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Looking like the cat who ate the canary, Illinois guard Ayo Dosunmu (11) waits as Indiana’s guard Al Durham (1) approaches with the ball in a NCAA basketball game at State Farm Center in Champaign on Saturday, Dec. 26, 2020.

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CHAMPAIGN — Need further proof that the 1980s did, in fact, belong to the Illini?

A total of 18 Illinois basketball players were selected in the NBA draft that decade.

Neil Bresnahan started things as a sixth-round pick in 1980, and Nick Anderson and Kenny Battle closed out the decade as first-round selections in 1989.

The subsequent 30 years delivered just 12 total NBA draft picks from Illinois’ camp, with the most recent decade yielding only one: Meyers Leonard at No. 11 overall to the Portland Trail Blazers in 2012.

Ayo Dosunmu will be next, snapping a streak of eight consecutive drafts without an Illini selected.

The 6-foot-5, 200-pound guard is projected as a late first-round or early second-round pick come the July 29 draft at Barclays Center in Brooklyn, N.Y.

“There’s probably not enough adjectives to describe how happy I am for Ayo,” Illinois coach Brad Underwood said. “Everything we’ve heard has been off the chart, from the way he’s conducted himself in interviews to his performance on the court and his testing. That’s a tribute to how hard he works, how he’s developed and how he’s matured over the course of time.”

Dosunmu appears to have a specific window where he’ll fall in next week’s draft. Should the Chicago native get past the Los Angeles Lakers at No. 22, most mock drafts have him being selected before the end of the first round. The Los Angeles Clippers at No. 25 and Denver Nuggets at No. 26 are popular projections. If Dosunmu does fall into the second round, it probably won’t be far.

Underwood is banking on the former.

“I don’t think there’s any doubt he’ll be a first-round pick,” the Illinois coach said. “We’ll have to see. It’s always crazy and nuts to try to predict because trades happens, but we know he’s going to be a first-round pick. He deserves that.”

Dosunmu is taking the next step in his basketball career after earning consensus first-team All-America honors in 2020-21 at Illinois.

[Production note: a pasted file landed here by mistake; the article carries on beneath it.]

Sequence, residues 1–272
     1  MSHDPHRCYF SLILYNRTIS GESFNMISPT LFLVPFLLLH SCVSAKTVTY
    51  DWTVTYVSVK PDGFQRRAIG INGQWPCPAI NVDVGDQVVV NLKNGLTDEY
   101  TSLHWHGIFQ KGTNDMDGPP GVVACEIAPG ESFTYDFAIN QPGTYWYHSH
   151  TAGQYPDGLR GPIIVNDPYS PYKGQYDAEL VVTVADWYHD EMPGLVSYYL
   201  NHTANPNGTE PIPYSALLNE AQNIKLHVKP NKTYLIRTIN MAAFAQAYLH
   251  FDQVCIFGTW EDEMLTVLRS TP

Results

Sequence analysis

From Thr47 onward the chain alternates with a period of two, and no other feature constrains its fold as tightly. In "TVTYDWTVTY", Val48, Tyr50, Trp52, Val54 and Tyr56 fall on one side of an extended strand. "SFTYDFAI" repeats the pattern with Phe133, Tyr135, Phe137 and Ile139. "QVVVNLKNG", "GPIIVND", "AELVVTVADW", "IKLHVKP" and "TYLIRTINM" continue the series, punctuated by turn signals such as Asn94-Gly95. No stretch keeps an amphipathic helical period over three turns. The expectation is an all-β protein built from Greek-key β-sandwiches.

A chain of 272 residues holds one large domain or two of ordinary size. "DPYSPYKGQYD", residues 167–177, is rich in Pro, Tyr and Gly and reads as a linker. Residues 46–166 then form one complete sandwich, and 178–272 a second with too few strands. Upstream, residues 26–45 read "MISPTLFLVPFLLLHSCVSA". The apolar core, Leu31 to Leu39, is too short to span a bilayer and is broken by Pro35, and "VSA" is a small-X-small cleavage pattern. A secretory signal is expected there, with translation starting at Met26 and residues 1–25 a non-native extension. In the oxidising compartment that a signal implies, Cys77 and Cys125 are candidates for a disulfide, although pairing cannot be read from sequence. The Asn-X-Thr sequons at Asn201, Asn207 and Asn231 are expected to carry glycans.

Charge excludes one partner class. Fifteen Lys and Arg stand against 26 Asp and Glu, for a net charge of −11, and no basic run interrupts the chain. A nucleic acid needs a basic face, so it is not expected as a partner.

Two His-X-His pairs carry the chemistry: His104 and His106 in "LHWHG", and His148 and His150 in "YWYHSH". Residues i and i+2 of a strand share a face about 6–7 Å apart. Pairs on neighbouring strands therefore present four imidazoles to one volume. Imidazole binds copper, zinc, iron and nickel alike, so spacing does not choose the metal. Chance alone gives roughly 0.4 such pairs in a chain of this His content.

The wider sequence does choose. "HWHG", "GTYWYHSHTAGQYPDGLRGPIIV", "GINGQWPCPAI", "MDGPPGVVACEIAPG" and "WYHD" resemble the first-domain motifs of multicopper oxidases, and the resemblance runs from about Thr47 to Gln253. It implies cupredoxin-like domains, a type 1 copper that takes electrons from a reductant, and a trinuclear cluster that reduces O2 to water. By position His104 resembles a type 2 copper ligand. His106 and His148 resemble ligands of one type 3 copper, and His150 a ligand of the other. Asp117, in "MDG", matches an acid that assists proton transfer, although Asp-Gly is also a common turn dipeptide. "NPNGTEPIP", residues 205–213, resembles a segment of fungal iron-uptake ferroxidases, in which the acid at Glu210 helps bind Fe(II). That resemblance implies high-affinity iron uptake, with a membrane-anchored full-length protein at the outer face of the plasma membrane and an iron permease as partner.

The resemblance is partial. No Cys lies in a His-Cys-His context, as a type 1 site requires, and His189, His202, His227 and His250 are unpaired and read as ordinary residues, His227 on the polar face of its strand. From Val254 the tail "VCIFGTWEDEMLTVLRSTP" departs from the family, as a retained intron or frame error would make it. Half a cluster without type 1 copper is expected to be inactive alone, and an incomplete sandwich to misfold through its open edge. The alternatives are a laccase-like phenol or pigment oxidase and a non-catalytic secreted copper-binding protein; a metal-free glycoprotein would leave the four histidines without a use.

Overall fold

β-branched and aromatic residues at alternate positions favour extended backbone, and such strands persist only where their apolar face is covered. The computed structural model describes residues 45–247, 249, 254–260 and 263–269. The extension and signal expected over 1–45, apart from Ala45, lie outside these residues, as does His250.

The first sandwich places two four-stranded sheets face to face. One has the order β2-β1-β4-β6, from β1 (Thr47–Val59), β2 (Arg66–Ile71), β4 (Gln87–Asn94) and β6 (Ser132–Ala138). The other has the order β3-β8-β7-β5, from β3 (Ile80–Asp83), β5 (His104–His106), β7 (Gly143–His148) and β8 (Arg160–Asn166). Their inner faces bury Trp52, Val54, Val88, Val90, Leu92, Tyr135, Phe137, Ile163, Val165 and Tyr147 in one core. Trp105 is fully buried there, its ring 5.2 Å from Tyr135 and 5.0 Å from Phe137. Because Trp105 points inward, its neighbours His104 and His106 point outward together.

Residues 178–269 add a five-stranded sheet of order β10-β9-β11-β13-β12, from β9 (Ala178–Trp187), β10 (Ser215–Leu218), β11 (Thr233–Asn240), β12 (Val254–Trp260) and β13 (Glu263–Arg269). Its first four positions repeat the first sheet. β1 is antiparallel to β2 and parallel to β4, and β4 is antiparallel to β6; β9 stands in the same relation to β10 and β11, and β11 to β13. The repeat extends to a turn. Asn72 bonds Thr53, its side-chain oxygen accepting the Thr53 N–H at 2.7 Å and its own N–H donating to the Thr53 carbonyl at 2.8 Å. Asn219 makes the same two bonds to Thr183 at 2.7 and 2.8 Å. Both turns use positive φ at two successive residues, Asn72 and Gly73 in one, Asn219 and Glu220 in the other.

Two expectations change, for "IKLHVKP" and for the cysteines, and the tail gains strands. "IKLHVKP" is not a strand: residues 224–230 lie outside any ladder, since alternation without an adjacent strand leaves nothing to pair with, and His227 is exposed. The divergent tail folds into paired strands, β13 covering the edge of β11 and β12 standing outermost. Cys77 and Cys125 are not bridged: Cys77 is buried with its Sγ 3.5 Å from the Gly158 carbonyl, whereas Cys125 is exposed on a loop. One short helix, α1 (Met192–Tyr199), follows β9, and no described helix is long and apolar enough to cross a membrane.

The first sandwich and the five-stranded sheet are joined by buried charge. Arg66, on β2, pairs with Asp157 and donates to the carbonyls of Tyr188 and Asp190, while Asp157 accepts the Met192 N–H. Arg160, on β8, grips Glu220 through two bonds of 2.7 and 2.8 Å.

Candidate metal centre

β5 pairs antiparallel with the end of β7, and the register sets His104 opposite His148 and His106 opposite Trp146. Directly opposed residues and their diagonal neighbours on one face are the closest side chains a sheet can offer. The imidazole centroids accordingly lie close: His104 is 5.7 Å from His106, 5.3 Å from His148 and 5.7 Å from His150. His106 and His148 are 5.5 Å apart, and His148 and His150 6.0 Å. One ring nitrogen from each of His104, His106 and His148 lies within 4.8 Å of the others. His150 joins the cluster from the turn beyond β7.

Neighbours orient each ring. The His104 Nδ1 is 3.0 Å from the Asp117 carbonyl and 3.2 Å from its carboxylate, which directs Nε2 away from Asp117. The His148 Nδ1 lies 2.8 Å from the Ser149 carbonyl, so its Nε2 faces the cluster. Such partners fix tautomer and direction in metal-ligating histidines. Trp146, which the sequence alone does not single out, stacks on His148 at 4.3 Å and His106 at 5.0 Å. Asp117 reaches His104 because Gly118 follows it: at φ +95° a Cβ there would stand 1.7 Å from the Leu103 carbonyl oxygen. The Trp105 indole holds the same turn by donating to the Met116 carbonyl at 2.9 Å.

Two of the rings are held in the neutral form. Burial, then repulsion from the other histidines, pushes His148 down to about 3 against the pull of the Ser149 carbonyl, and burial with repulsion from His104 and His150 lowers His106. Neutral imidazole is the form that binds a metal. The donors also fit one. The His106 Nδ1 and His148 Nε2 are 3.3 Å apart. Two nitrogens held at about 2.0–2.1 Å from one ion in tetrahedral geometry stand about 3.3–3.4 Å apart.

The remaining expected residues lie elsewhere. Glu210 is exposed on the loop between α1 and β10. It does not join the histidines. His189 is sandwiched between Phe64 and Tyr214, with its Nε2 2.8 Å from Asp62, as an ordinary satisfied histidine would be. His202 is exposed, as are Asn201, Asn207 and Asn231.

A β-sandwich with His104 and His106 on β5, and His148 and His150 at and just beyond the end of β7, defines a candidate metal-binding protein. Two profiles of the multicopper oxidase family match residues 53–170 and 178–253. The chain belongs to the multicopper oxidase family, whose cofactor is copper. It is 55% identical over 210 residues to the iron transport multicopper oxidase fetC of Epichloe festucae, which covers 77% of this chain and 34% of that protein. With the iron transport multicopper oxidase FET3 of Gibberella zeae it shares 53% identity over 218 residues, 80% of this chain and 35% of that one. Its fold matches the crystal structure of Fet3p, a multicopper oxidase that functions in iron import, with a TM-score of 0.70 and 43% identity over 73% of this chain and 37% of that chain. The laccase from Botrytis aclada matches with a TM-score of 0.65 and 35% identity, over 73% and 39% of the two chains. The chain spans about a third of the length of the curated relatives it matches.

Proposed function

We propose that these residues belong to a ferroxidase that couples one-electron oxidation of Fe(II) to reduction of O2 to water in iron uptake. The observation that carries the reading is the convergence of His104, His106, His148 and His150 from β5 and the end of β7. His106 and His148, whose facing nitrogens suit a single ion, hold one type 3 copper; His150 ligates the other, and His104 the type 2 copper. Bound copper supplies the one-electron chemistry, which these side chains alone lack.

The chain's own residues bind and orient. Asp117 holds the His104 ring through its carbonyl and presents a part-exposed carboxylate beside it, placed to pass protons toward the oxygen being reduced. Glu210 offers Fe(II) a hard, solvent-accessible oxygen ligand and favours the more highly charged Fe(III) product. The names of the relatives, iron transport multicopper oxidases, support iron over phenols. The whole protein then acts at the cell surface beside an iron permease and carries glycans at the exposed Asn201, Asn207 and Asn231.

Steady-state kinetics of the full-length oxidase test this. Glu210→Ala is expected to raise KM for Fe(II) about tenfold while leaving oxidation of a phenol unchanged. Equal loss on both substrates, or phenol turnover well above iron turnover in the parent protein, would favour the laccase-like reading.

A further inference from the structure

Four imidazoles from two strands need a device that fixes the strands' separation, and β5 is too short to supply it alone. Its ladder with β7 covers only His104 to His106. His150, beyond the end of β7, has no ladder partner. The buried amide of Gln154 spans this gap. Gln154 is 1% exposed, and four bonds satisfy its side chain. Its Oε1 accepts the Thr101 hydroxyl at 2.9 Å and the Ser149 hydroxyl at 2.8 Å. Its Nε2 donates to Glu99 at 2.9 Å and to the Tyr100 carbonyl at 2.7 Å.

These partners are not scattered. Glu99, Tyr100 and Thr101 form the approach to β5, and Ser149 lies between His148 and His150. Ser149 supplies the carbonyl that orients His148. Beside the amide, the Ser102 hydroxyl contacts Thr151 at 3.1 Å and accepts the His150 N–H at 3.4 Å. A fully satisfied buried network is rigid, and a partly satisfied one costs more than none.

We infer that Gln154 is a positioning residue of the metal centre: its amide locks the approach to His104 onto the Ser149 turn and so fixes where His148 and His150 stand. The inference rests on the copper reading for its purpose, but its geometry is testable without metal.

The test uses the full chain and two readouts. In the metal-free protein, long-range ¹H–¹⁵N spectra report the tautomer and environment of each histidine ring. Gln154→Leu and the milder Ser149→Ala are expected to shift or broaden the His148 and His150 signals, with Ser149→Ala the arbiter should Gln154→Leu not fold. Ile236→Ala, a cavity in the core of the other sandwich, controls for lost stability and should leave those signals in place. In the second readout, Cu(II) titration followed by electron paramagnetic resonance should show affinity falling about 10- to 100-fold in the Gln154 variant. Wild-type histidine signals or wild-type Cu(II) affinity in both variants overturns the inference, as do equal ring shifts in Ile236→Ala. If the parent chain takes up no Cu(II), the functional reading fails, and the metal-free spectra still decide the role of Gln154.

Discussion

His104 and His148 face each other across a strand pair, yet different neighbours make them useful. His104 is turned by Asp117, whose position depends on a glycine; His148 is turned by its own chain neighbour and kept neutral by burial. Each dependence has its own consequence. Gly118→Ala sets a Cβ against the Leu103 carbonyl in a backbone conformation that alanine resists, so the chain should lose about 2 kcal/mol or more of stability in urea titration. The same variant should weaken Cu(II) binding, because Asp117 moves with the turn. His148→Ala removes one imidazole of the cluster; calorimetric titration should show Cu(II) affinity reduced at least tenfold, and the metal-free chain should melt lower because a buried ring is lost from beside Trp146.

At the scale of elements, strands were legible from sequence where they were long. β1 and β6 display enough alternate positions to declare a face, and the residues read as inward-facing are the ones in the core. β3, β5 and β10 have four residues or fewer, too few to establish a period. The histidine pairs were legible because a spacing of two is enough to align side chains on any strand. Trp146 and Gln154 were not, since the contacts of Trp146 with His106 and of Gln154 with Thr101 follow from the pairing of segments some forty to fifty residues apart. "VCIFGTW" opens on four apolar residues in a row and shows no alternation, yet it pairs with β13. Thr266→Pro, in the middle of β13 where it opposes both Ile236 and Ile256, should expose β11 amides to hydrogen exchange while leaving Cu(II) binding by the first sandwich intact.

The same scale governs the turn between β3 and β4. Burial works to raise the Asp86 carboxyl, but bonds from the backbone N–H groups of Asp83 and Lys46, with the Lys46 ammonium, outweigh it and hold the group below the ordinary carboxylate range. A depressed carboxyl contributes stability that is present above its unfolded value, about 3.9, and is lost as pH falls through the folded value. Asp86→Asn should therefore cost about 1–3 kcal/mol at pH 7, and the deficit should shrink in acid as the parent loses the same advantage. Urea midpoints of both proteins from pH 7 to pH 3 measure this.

He was the USA Today National Player of the Year and also claimed the Bob Cousy Award as the nation’s top point guard after become the first college basketball player in more than a decade to average at least 20 points (20.1 ppg), six rebounds (6.3 rpg) and five assists (5.3 apg).

Dosunmu’s standout junior season came after he declared for the 2020 NBA Draft. The COVID-19 pandemic severely limited the pre-draft process, and Dosunmu ultimately returned to Illinois for a third season. He opted not to even test the NBA draft waters after his freshman year with the Illini.

“What I like about Ayo is that he wasn’t like a lot of these one-and-done kids that expected to go pro right after their first year,” former Illinois and NBA guard Kendall Gill said. “He actually said, ‘I need to stay. I need to work on my game. I need to work on my body and mature a little bit. I’m going to stay for my sophomore year and my junior year.’

“Look at him now. He became an All-American and one of the most decorated players in Illinois history and is going to be a pro. I think that he made the right decision. I would tell every kid to pattern himself like that. Hard work pays, and it paid off for Ayo.”

Dosunmu winding up a first-round pick would be a boon for the Illinois basketball program. Underwood admits as much, and he regularly touts both what Dosunmu was able to do at Illinois and how he turned that to his advantage with the draft approaching while on the recruiting trail.

Underwood called Dosunmu a “great example.”

“He was patient,” Underwood said. “He was able to be a great listener — I say that’s one of his best attributes — and see what people had to say and why he wasn’t maybe where he wanted to be at after year one or year two. Then get in the gym and work and take those things and become something that translates to the next level. He’s going to have a long NBA career. He’s a great example of what patience and hard work will get you.”

Gill sees Dosunmu as the “perfect combo guard” in the NBA, able to use his physical advantage at 6-5 and 200 pounds when running the point. The full package, though, is what could keep Dosunmu in the first round next week.

“I think he did a wonderful job this year of showing his versatility and also his ability to make big shots when the time came,” Gill said. “He’s perhaps one of the most clutch players in Illinois history as far as knocking down shots when they counted. He showed that this year, and I think he can take that to the next level.”

Scott Richey is a reporter covering college basketball at The News-Gazette. His email is srichey@news-gazette.com, and you can follow him on Twitter (@srrichey).

College/Prep Sports Reporter

Scott Richey is a reporter covering college basketball at The News-Gazette. His email is srichey@news-gazette.com, and you can follow him on Twitter (@srrichey).

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